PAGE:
As World War II drew to a close, American soldiers in Europe traded their weapons for textbooks and prepared for return to civilian life.
By Hervie Haufler
By Hervie Haufler
In the summer of 1945, I was one of more than two-and-a-half million United States soldiers whose main task had ended with the victory in Europe. Once the shooting stopped, I was lucky to become part of an ambitious army project–the creation from scratch of two full-fledged, American-style universities on European soil. Incredibly, they were operating within weeks of V-E Day (May 8, 1945). The army’s reasoning was clear: if GIs couldn’t get to U.S. universities, then the army would bring them to us.
Long before the war ended, U.S. government officials had been thinking about soldiers’ education. In late 1943 President Franklin D. Roosevelt agreed to the post-war education program for American GIs in Europe that had been proposed by the army’s Information and Education Division. “Nothing will be more conducive to the maintenance of high morale in our troops than the knowledge that steps are being taken to give them education and training when the fighting is over,” the president wrote.
In September 1944 the War Department issued Readjustment Regulation 1-4, a move designed to provide academic, vocational, and orientation courses for every U.S. soldier serving in Europe when the war ended. The president gave General Dwight D. Eisenhower, commander of the European Theater of Operations (ETO), responsibility for carrying out the operation.
Each university would enroll at least 4,000 students for two-month terms and offer a choice of eight major fields of study: agriculture, commerce, education, engineering, fine arts, journalism, liberal arts, and science. Each school would make more than 250 courses available. Faculty at each location would number 250 to 300, while necessary support services would require cadres of more than 1,000 troops.
Early in 1945, with victory in Europe in sight, search teams started to survey possible locations in the United Kingdom and on the Continent. The team sent to England settled on Shrivenham Barracks, a military post about 70 miles northwest of London. The British had used the barracks as a training school until the U.S. Army took it over in 1942. On the Continent, surveyors came up with what seemed at first a bizarre recommendation: take over the hotels, villas, casinos, and other buildings in Biarritz, a resort town on France’s southwestern coast, and convert them into a learning center.
In April Eisenhower appointed Brigadier General Claude M. Thiele to head the Shrivenham establishment and Brigadier General Samuel L. McCroskey to take charge in Biarritz. Thiele was a Cornell graduate in civil engineering who had fought in World War I and had risen through the ranks to become the commanding general of anti-aircraft forces in Europe. McCroskey’s wartime command had been the 55th Anti-Aircraft Battalion. The two generals were ordered to have their universities up and running within 60 days after V-E Day. They came close, with Shrivenham American University (SAU) opening its doors on August 1 and Biarritz American University (BAU) on August 20.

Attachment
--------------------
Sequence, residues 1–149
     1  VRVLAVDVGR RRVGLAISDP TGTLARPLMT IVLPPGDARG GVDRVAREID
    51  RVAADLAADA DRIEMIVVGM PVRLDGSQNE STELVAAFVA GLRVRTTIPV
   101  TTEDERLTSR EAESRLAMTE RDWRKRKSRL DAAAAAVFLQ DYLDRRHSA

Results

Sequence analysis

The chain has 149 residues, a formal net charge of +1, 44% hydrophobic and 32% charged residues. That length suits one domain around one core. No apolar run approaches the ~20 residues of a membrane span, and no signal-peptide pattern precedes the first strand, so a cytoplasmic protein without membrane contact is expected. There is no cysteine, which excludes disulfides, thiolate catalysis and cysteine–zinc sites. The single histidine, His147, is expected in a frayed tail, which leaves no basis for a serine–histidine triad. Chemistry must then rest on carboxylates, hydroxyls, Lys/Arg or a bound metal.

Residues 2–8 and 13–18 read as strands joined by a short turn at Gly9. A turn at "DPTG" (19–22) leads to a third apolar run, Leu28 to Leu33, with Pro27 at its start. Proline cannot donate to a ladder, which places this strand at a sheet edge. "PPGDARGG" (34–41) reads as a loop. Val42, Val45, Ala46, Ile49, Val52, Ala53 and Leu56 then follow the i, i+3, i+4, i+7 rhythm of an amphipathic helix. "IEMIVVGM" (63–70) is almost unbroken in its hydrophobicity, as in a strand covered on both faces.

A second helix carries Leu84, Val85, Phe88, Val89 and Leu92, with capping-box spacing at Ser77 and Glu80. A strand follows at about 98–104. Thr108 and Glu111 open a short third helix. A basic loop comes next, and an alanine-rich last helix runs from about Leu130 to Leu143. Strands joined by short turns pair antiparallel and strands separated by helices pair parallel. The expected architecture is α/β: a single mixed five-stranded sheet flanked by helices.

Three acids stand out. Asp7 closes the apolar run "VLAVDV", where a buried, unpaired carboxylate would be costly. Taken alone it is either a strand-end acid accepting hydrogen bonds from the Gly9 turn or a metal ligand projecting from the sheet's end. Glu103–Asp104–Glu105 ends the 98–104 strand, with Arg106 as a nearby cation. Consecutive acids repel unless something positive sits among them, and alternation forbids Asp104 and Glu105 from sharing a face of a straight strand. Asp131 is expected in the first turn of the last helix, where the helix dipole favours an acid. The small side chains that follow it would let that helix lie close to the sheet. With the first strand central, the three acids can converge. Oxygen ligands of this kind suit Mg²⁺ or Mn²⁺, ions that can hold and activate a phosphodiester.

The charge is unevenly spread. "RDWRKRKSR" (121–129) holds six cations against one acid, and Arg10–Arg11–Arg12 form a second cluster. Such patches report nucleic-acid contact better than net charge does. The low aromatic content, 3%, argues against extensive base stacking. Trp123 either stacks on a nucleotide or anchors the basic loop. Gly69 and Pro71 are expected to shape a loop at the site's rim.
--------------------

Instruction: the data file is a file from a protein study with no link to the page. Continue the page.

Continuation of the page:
Those intervening weeks tested the energy and ingenuity of everyone involved. To help refurbish the old Shrivenham barracks, General Thiele had the good fortune of gaining command of 782 prisoners of war (many POWs did not leave Britain until the late 1940s), as soon as his crew built a stockade for them. Geneva Convention rules said the POWs couldn’t make the beds of students or clean up the quarters, but they did take on many other support roles. At BAU, General McCroskey found that the local people, many of them idled by the wartime lack of tourism, were willing to pitch in and help prepare and operate 40 hotels and nearly 100 villas.
The army initially looked within its ranks for instructors, seeking those with academic experience. Donald Engley is a good example. Before being drafted in 1941, Engley had graduated from Amherst, received a masters in library science from Columbia, and worked as an intern at the New York Public Library. He rose to the rank of captain in command of an anti-artillery battalion, landed on Utah Beach, and fought through Europe. After V-E Day, his unit ended up in Czechoslovakia for duty in prisoner-of-war camps and with displaced persons. On July 8, 1945, Engley received orders to report immediately to the Information and Education Division in Paris, where he found the major in charge of personnel. “Why am I here?” he asked. The major stared at him in disbelief. “Everybody in this headquarters is trying to get assigned to Biarritz,” he said, “and you walk in here and don’t even know about it. You’re to be the librarian.”
At Biarritz, Engley had to find a place for a library. He settled on the Casino Municipale. “With a huge chandeliered gaming room that could become the reading room, with good space in adjoining rooms for books and staff, and with windows that looked out over the beach,” he recalled, “it was very convertible to a library.”
It soon became evident that the army would have to seek additional instructors from American colleges and universities. On May 22, General Thiele and his aides arrived in Washington to confer with a group of academics and army officers. The committee decided that the two schools would need 332 civilian instructors. Committee members took over a room in the Pentagon and began making long-distance calls, not only to line up instructors but also to procure books and special equipment. With so many callers working in one room, people rushing in and out, and telephones constantly ringing, the group began to call itself the B.U.C. (Bureau of Utter Confusion). Nonetheless, they found their instructors, of whom 65 percent were deans, department heads, or full professors.